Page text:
I just completed teaching a 6-week dog training and behavior class at a local dog rescue organization and was so pleased at the favorable comments from the class members. They had fun and so did their dogs!  I use all positive training methods as opposed to the antiquated force or punishment-based techniques.  By using rewards-based motivation, the dogs are happy to learn and a better bond is forged between dog and owner. 

Naively, I thought that the dog training community had mostly forsaken choke chains, prong collars and leash pops- the tools of torture of old-style dog trainers.  To my dismay, there are still quite a few of these trainers thriving in business…and creating fearful dogs.  One of my students had enrolled in such a training class prior to mine.  The trainer was stern, used choke chains and force methods.  The dogs in the class cowered instead of willingly participating.  This trainer even trotted out her own dogs to demonstrate their obedience skills. It was very evident that the dogs were terrified of the trainer and obeyed out of fear that they would be punished.  My student was appalled and immediately withdrew from the class. Instinctively, she knew she didn’t want to subject her dog to that treatment.  Luckily, she found my class.

Punishment/force techniques were first used to train working dogs – hunting, retrieving, herding, guarding and protection.  These dogs were rarely household pets, kept outside and strictly utilitarian.  The only human-animal connection was used for working purposes.  As dogs’ roles shifted to family members, the scientific community learned more about dogs’ behaviors as they interacted with their new-found human packs. Researchers began finding that the punishment/force-based training methods used for working dogs were not optimal in creating a strong, loving bond for family dogs.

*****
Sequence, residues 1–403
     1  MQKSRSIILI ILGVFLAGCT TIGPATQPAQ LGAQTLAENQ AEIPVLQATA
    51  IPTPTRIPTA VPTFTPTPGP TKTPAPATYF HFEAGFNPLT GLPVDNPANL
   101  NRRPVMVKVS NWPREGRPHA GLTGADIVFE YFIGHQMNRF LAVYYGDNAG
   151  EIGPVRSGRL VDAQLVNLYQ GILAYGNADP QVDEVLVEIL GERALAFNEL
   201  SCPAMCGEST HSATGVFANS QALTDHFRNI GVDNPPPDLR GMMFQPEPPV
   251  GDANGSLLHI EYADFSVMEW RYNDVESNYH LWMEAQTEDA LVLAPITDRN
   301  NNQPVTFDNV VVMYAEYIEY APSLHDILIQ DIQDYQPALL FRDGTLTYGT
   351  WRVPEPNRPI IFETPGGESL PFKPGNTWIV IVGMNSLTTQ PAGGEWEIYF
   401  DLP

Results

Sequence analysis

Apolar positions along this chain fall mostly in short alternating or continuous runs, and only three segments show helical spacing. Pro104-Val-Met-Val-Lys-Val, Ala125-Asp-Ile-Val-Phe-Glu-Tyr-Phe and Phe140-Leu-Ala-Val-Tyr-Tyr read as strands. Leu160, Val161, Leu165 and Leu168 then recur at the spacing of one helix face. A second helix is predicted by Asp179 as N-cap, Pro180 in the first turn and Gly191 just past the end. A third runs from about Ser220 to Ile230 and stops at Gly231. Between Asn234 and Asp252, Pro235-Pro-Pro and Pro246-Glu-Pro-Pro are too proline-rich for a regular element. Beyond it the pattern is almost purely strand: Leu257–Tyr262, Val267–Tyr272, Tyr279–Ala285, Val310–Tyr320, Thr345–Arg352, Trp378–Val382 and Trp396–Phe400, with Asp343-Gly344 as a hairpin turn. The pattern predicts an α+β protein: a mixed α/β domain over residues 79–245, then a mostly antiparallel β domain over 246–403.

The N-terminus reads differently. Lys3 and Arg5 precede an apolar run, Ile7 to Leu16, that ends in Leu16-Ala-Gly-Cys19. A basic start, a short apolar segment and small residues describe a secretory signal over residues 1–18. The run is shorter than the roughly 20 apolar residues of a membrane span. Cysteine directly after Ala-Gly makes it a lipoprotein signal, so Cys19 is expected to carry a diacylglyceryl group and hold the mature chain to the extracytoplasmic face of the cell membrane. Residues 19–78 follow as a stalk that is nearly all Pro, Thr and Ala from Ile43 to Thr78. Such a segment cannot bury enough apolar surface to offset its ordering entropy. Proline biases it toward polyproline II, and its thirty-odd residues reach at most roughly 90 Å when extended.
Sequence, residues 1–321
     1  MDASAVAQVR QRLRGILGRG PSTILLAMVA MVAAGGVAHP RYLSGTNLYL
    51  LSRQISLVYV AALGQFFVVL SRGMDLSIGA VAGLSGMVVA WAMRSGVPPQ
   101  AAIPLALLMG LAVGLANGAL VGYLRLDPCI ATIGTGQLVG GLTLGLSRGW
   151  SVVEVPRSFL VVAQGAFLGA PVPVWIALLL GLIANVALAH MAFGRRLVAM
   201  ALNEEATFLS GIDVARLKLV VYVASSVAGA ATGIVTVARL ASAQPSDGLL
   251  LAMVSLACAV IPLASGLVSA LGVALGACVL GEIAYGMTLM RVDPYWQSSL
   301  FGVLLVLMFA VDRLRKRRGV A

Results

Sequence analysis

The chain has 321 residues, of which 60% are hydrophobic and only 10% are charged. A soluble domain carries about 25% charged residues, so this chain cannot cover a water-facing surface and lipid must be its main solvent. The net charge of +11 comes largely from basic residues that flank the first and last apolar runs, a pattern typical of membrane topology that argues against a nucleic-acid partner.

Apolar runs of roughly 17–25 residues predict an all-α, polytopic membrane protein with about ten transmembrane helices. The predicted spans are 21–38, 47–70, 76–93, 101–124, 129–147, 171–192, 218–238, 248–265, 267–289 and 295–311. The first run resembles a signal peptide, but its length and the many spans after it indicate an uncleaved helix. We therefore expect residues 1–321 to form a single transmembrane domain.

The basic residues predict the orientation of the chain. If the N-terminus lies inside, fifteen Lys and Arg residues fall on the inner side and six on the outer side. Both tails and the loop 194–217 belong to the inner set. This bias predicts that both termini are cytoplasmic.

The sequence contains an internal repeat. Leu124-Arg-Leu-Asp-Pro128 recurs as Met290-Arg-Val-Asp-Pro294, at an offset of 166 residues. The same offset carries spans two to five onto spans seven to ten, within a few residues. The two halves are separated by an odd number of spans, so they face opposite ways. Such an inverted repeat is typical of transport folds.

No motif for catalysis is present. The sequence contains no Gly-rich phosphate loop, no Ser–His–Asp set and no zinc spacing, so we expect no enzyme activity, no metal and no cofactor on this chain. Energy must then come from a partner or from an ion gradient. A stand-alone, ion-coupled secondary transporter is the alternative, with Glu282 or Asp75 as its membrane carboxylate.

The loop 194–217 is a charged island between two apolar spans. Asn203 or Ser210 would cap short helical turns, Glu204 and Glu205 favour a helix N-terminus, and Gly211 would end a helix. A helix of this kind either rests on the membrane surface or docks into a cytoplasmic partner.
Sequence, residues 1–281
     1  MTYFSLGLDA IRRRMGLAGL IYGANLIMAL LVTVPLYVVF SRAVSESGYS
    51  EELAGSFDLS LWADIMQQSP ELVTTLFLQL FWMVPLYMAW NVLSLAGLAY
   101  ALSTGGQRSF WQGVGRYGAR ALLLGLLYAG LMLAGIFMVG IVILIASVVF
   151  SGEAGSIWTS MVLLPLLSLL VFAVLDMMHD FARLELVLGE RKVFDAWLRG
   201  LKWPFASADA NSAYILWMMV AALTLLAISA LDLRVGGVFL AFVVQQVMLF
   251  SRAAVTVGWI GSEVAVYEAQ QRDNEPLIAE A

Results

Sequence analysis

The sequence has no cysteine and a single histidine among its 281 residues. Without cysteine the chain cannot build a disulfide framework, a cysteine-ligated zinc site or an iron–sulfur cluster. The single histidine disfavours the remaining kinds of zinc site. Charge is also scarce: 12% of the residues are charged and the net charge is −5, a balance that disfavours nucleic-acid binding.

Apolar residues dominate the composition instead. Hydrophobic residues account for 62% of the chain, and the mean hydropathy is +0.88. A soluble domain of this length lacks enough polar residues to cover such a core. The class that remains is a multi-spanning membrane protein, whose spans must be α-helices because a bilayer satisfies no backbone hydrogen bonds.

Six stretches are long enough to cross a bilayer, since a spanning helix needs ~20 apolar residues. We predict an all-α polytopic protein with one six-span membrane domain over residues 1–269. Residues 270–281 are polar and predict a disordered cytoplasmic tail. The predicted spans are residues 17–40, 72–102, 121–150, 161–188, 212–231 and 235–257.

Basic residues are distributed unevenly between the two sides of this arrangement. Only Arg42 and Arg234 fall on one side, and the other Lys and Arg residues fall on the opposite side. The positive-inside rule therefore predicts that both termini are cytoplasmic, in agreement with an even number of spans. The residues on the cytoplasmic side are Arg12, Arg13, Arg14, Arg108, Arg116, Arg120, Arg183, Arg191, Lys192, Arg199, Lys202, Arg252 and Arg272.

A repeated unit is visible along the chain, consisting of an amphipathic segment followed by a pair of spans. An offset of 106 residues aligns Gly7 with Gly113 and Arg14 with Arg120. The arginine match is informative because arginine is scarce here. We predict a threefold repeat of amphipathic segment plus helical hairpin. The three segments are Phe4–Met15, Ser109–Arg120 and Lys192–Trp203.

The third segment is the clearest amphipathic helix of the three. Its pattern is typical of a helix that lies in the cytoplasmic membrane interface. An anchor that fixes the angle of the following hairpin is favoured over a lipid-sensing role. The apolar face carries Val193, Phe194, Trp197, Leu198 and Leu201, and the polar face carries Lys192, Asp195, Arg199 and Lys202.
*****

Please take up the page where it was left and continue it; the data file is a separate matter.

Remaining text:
The dog training community has been slow to accept this research and many continue to train in methods that they learned from someone else with the attitude of “that’s the way it’s always been done.” Change is difficult but there are more and more “crossover trainers” who have converted their methods from the old Napoleonistic ways  to truly understanding how dogs think and feel, and what’s best to build a strong, loving relationship between dog and human.

There are those out there who will contest and claim that punishment methods work.  Indeed, these methods can train a dog but what these people fail to mention is, 1) some dogs will become aggressive or others will become so afraid that they shut down when punishment is used.  When training working dogs, these are the ones who get euthanized or sent to shelters because they are worthless to the owner, and 2) Punishment makes the dog obey out of fear, not love and motivation.  Wouldn’t you rather learn when someone is dangling a chocolate bar in front of you instead of a taser gun??  I choose chocolate!

Please read a couple of articles from my web site about choke chains, prong collars and shock collars, all equipment that I encourage others to avoid.